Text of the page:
The Year Of Terawatt Solar: How Far Has Solar Energy Come?

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An astonishing milestone was achieved this year when the world installed enough solar panels to generate 1 terawatt (TW) of electricity through solar energy. The most fascinating thing about this is, this amount of electricity meets the demands of nearly every country in Europe combined. In an ever-evolving world, milestones may seem arbitrary, but the morale boost that comes with them is not.

This expectation of hitting 1000GW solar was first estimated when 183GW was installed in 2021, and we had approximately 788 GW of capacity already installed in 2020. This year, we can officially start measuring solar capacity in terawatts.

It is also worth noting that there was a lot of difficulty in obtaining such a precise estimate. The first fear was an overestimation, which can result from all the capacity that has been uninstalled, for example, roofs getting replaced or severe weather destroying installations. Secondly, capacity numbers have been underestimated several times because the data is constantly changing, considering that it is obtained from a number of manufacturers from all over the world.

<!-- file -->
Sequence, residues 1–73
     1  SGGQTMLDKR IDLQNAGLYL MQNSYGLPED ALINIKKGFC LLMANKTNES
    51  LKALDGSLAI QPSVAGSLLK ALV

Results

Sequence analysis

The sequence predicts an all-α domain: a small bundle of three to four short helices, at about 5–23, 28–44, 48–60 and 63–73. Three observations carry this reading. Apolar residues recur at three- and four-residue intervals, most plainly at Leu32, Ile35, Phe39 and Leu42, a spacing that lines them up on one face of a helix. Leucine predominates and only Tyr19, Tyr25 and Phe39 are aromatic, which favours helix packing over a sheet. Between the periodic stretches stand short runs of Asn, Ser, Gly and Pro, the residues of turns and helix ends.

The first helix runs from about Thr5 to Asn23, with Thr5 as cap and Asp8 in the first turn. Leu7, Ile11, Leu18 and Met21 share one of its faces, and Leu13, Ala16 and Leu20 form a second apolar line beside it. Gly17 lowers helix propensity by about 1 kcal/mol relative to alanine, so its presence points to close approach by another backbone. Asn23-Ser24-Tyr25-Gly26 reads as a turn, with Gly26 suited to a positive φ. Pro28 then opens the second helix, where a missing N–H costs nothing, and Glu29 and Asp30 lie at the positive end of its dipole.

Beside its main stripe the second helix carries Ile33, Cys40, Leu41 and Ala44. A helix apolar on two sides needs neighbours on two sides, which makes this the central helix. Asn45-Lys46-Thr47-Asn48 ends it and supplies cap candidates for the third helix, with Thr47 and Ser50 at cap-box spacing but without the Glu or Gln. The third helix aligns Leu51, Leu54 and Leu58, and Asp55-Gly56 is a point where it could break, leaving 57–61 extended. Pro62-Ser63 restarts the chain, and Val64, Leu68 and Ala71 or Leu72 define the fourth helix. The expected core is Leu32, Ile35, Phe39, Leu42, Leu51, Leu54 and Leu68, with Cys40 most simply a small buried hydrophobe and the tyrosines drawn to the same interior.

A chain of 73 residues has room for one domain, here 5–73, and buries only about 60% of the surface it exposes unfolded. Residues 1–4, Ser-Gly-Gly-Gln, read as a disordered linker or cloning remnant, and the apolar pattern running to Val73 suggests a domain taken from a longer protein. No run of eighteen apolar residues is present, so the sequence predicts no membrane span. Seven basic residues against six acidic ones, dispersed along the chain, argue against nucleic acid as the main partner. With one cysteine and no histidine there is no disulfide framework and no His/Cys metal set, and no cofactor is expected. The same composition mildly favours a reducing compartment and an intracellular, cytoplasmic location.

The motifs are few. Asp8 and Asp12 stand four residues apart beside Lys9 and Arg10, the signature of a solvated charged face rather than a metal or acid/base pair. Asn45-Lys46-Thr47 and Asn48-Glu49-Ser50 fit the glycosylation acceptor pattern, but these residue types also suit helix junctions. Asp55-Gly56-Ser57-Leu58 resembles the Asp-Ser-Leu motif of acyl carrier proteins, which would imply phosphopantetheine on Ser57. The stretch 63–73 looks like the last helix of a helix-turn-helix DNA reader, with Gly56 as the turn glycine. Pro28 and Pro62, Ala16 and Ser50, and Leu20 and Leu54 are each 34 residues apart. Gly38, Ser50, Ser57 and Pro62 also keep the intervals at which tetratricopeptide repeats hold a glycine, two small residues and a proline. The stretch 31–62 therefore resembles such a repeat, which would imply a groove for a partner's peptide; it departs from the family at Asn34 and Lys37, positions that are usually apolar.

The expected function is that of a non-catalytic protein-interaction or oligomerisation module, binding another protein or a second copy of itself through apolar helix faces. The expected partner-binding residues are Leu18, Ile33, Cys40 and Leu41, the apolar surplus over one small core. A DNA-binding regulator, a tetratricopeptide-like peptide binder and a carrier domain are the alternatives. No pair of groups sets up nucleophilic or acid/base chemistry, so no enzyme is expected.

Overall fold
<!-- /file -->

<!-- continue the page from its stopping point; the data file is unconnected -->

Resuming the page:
The largest contributor to this mindblowing capacity is China, which broke through 100 GW in the latter half of 2016, although the European Union hit the same mark in 2015. Surprisingly, in the United States, that number was hit in the first half of 2021. These three regions represent more than 50% of the total installed solar capacity in the world.

Moving forward, research suggests that dozens of terawatts of solar energy will be required to decarbonize the earth’s electricity, transportation, heating, and industrial processes.

In terms of what’s next, Stanford engineers have developed solar panels that can generate electricity at night as well. They do this by installing a battery that can help store electricity for use when the sun is down, and these panels can hence generate electricity at night which is evidently even more efficient and sustainable.


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